Microbicide ring study shows users are reassured about discomfort but develop new worries about safety

A silicone vaginal ring. Credit: NIAID
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A safety and acceptability study of a vaginal ring containing the antiretroviral drugs dapivirine (TMC120) and/or maraviroc (Celsentri, Selzentry) shows that women using the ring generally found it acceptable and easy to use, and 83% said they would use it if it became available in the future as an anti-HIV method.

However, while concerns about inserting and wearing the ring fell after the women had four weeks’ experience of actually using it, they were replaced to some extent by a new set of anxieties about possible long-term harm or contamination, partners’ disapproval, and an emotional discomfort to do with the fact that the ring remained in place. Some participants could not rid themselves of the feeling that retaining the ring felt ‘dirty’, especially during their menstrual period, and they remained aware of wearing it, rather than forgetting it was there except when it needed to be changed.

Although individually listed concerns were only ever voiced by a minority of the women in this study, only 20% said they had no concerns about the ring.



A detailed research plan that describes the aims and objectives of a clinical trial and how it will be conducted.


A pill or liquid which looks and tastes exactly like a real drug, but contains no active substance.

vaginal ring

A device that is worn inside the vagina for a month at a time, which women can insert and remove themselves. A vaginal ring for HIV prevention that slowly releases the antiretroviral drug dapivirine is being developed.

MTN013/IPM 026 was a small, month-long, safety and acceptability study conducted in 48 women aged 18 to 40 in three cities in the USA: Boston, Pittsburgh and Birmingham, Alabama.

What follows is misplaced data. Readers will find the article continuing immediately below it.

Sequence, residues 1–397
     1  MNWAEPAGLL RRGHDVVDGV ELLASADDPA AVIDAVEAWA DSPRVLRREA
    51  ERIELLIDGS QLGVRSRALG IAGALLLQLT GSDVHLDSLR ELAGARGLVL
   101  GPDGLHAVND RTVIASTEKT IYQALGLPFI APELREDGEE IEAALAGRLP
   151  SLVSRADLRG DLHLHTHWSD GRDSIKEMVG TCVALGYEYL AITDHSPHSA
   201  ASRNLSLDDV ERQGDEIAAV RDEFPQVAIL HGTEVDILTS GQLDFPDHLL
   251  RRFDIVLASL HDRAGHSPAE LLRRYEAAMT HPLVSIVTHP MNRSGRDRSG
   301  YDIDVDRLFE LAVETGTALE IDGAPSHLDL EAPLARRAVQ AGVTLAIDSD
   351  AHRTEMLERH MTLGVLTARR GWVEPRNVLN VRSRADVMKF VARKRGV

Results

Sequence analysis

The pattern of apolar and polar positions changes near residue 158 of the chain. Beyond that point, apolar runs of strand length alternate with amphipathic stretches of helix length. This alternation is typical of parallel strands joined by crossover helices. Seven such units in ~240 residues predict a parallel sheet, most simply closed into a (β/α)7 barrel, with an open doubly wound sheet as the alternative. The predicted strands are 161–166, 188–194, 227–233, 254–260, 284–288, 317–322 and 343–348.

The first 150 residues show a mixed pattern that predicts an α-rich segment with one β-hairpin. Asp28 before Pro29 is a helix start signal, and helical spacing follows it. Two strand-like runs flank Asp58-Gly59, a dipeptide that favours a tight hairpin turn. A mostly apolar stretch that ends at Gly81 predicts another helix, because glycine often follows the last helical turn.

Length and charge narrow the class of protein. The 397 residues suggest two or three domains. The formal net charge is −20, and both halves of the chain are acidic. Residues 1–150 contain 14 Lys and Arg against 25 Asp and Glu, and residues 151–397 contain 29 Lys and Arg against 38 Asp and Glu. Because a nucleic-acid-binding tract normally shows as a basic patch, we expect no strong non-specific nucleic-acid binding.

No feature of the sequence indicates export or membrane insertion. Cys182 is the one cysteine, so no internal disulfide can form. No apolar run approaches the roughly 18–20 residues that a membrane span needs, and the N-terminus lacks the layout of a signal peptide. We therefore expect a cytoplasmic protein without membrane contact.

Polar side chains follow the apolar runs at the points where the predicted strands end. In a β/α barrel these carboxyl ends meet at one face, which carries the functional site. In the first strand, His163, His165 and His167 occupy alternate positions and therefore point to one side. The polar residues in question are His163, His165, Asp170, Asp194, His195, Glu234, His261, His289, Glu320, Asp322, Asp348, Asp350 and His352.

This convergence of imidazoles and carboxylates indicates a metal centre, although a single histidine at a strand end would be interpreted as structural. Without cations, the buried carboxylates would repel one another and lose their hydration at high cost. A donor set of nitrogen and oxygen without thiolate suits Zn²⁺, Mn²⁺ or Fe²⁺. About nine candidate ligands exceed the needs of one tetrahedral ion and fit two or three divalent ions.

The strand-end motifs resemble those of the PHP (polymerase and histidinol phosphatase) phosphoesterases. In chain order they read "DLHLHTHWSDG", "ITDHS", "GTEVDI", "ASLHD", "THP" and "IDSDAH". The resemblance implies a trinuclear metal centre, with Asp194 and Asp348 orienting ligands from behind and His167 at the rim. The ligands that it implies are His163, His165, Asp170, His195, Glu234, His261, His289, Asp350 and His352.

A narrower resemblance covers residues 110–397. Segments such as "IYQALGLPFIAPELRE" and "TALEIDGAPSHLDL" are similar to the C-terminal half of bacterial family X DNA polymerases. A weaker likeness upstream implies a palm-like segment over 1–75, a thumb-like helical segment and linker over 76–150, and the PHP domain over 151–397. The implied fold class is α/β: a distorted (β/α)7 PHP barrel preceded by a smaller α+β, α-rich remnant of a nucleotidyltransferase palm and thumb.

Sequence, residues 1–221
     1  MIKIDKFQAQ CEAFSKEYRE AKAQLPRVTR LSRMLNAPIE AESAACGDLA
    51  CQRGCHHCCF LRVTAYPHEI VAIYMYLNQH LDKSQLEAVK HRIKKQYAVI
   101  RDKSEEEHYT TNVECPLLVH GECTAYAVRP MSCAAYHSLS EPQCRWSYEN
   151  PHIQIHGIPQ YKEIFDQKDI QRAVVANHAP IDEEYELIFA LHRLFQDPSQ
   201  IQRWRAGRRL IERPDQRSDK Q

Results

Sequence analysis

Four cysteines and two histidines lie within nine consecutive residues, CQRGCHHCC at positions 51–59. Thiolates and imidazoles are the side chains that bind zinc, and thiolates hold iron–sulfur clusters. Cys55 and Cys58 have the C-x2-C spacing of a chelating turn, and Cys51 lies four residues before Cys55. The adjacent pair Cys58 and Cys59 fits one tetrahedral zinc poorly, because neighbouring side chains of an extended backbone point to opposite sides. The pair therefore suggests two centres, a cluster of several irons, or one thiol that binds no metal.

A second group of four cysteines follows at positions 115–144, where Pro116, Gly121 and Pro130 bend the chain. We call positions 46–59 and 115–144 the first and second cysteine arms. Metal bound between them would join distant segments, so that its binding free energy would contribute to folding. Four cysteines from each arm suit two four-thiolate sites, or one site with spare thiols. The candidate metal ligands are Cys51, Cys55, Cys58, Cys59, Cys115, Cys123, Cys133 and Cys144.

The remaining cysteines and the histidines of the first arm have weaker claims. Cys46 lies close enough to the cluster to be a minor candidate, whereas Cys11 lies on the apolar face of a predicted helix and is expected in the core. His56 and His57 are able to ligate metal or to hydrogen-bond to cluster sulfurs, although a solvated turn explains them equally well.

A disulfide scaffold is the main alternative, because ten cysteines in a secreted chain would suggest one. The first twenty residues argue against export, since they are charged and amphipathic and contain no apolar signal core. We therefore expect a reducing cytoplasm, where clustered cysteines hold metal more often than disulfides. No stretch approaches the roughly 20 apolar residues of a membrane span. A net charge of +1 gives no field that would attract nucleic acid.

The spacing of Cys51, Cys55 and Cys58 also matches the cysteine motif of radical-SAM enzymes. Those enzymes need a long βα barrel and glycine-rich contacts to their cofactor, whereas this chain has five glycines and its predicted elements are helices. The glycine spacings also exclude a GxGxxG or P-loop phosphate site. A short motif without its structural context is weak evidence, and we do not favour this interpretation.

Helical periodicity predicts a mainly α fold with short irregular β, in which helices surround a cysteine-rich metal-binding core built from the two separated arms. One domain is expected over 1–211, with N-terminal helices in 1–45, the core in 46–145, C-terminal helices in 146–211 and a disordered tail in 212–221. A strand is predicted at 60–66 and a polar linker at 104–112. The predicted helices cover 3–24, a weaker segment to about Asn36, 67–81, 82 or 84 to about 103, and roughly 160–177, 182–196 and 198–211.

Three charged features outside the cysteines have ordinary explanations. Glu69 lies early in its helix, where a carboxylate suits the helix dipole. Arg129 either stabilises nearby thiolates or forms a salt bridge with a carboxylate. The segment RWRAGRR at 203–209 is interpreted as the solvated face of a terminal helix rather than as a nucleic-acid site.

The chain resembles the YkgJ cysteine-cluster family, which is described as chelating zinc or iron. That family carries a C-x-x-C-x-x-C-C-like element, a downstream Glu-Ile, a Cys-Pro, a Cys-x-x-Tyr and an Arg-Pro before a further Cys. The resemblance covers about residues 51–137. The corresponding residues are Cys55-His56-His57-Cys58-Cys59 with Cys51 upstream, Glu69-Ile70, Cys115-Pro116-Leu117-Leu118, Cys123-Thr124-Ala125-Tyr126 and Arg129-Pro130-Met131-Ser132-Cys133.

Because this was a safety study, and to rule out any possible risk to male partners, women were required to abstain from sex during the study. Their average age was 30, and although only 9% were married, 54% had a regular partner. Fifty per cent were white and 30% African-American.

Twelve women each were randomised to use either a ring containing both drugs, one of the two drugs, or a placebo.

‘Adherence’ was defined as no voluntary removal or involuntary expulsion of the ring over the four weeks. In general this was good, with only three women taking the ring out: one out of curiosity to see if it was clean, one because she decided to leave the study but then changed her mind, and one because she developed candida and, as per the study protocol, had it removed for treatment. All three reinserted the ring. There were also four cases in three women of the ring being partially expelled but it was easily replaced.

In terms of acceptability, 11% said they experienced pain due to the ring and 18% discomfort, but this was classed as ‘slight’ and only occurred once or twice. More (27%) said they experienced some emotional discomfort due to the ring, of which more below.

Eighty-three per cent said they would use the ring again if it became commercially available but only 41% expressed a preference for daily, rather than episodic, use and 17% said they would prefer not to use it while having a period.

Compared with worries and concerns expressed at baseline, after wearing the ring for a month women felt less worried about how it would feel, about discomfort, and about putting it in.

“When I first saw the ring, I was intimidated by its size,” one said. “But after I inserted the ring I didn’t feel it and felt relieved.”

However another group of concerns increased or appeared anew during the four weeks. Women were more likely to become worried the ring might cause reproductive health problems or be generally unsafe or harmful; they didn’t like wearing it during periods; and they worried about involuntarily expelling it or losing it. These concerns increased from being felt (each) by 15 to 20% of participants to about 30% each of participants. And two new concerns appeared that had not been expressed before: 10% became worried partners would not approve of them wearing the ring and 18% developed a concern that the ring was somehow 'dirty'.

“I did not like that the ring was ‘dirty’ from being in there for so long,” said one. “Or I felt it was dirty. I felt like I wanted to rinse the ring out.”

Presenter Ariane van der Straten of the MTN 013/IPM 026 study team said that these new concerns had also begun to emerge in the much larger Ring and Aspire studies currently underway in Africa, which use vaginal rings containing the drug dapivirine, but said that they could be overcome by counselling.


Van der Straten A et al.Adherence and acceptability of a multi-drug microbicide vaginal ring during a safety and pharmacokinetics trial in the US. Eleventh AIDS Impact Conference, Barcelona, abstract #113, 2013.